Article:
Faith community nursing

Faith community nurses (FCNs) are registered nurses positioned within a faith community or working in a health care system and serving as a liaison to congregations. FCNs focus largely on health promotion, managing chronic disease, and injury prevention, but also often function as health counselors, patient navigators, and advocates (Gotwals 2018*, Zahnd 2018*, Coenen 1999*). FCNs support the physical, psychological, and spiritual wellbeing of their patients (ANA HMA-FCN 2017*). FCNs, also known as parish or congregational nurses, are usually members of the faith communities they serve (Zahnd 2018*); FCNs may also provide care to patients from the boarder community (Hixson 2018*). Faith community nursing is common in Christian denominations, though FCNs also support temples, synagogues, mosques, and faith-based community agencies (ANA HMA-FCN 2017*).

Expected Beneficial Outcomes (Rated)

  • Increased healthy behaviors

  • Improved health outcomes

Other Potential Beneficial Outcomes

  • Reduced hospital readmissions

Evidence of Effectiveness

Faith community nursing is a suggested strategy to improve health outcomes (Cooper 2017*, Dyess 2010*, Buijs 2001*) and health behaviors (Cooper 2017*, Shackelford 2014*, Dyess 2010*, McGinnis 2008*, Buijs 2001*), especially among minorities (Shackelford 2014*, Mendelson 2008, Hughes 2001*) and populations with low incomes (Monay 2010*). However, additional evidence is needed to confirm effects.

Available evidence suggests that, overall, health programs in faith-based organizations may be effective in primary prevention, health maintenance, cardiovascular health, and cancer-related efforts (DeHaven 2004). Simple interventions provided through faith community nurses (FCNs), including health coaching or short education sessions, may result in improved health promoting behaviors (Cooper 2017*, Mendelson 2008), such as one where black women and women in rural areas in Illinois increased breast self-exams after education sessions with FCNs (Shackelford 2014*). One study suggests health coaching by FCNs may decrease blood pressure readings short-term (Cooper 2017*), however another study indicates referrals to FCNs are less effective than setting up appointments with physicians for controlling blood pressure (Baig 2010). A pilot study suggests FCNs following a transitional care plan may reduce 30-day hospital readmissions among their patients (Strait 2019*).

Experts recommend the use of FCNs to increase cancer screening in rural areas (Zahnd 2018*) and provide support and education to older adults and their families, such as transitional support following hospital discharge (Ziebarth 2015) or outreach to family members caring for those with dementia (Kazmer 2017*). Additional training for FCNs on providing general health education (Devido 2018*) and counseling on specific topics may prepare FCNs to better serve the needs of their patients and faith communities (Devido 2017*).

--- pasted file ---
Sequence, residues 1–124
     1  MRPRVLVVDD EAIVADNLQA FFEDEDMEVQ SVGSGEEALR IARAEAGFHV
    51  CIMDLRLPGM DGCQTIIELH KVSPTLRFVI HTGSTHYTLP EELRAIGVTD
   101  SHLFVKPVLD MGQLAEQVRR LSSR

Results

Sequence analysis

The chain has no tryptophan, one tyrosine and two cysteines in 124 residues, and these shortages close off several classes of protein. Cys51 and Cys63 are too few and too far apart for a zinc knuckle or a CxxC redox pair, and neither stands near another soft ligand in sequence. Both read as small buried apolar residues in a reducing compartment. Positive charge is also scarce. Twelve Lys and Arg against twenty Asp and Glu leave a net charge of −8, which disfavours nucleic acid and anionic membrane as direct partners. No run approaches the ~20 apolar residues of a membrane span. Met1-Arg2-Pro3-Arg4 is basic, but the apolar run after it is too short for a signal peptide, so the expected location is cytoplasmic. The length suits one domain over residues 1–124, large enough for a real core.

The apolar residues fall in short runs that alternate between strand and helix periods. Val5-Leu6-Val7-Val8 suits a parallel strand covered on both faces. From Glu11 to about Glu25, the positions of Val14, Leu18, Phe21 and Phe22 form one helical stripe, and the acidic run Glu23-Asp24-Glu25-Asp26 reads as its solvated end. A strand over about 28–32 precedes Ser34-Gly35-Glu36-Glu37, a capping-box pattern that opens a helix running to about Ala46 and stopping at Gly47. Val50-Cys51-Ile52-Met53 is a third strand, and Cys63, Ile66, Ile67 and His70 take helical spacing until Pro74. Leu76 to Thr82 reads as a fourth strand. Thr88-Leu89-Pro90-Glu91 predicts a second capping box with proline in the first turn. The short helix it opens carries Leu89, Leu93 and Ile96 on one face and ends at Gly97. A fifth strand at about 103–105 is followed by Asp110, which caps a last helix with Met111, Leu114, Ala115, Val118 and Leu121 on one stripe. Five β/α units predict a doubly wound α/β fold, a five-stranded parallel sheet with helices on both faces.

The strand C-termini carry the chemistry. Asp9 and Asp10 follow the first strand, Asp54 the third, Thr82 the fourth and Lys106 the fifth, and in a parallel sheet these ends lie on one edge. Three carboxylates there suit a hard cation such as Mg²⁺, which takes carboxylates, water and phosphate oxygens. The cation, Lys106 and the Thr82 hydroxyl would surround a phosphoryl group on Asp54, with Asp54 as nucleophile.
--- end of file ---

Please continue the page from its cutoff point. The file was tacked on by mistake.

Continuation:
FCN may enable limited domain partnerships, allowing churches and medical centers to temporarily work together on common goals (Brudenell 2003*).

Impact on Disparities

Likely to decrease disparities

Implementation Examples

Health care organizations or systems which identify as faith-based, non-profit organizations, often employ faith community nurses (FCNs) to provide care in their affiliated religious institutions. For example, the FCNs of the Wesley Nurse program at Methodist Healthcare Ministries of South Texas, Inc., provide free health education, resources, and health promotion to community members at more than 80 churches across southern Texas (Wesley Nurse, Wesley Nurse-20 years). Another example, QueensCare Health and Faith Partnership in Los Angeles, CA, partners with faith-based institutions, employing FCNs to offer free immunizations and screenings, health education, and counseling to families and individuals with low income or without insurance (QHFP, AHRQ HCIE-Soper).

Implementation Resources

AHRQ HCIE-Soper - Soper S. Faith community nurses work with local, trusted organizations to enhance access to primary and preventive care for low-income individuals in Los Angeles. Rockville: AHRQ Health Care Innovations Exchange.

AHRQ-Stewart 2014 - Stewart EE, Taylor-Post N, Nichols L, Staton EW, Schleuning A. Linking primary care patients to local resources for better management of obesity. Rockville: Agency for Healthcare Research and Quality (AHRQ); 2014.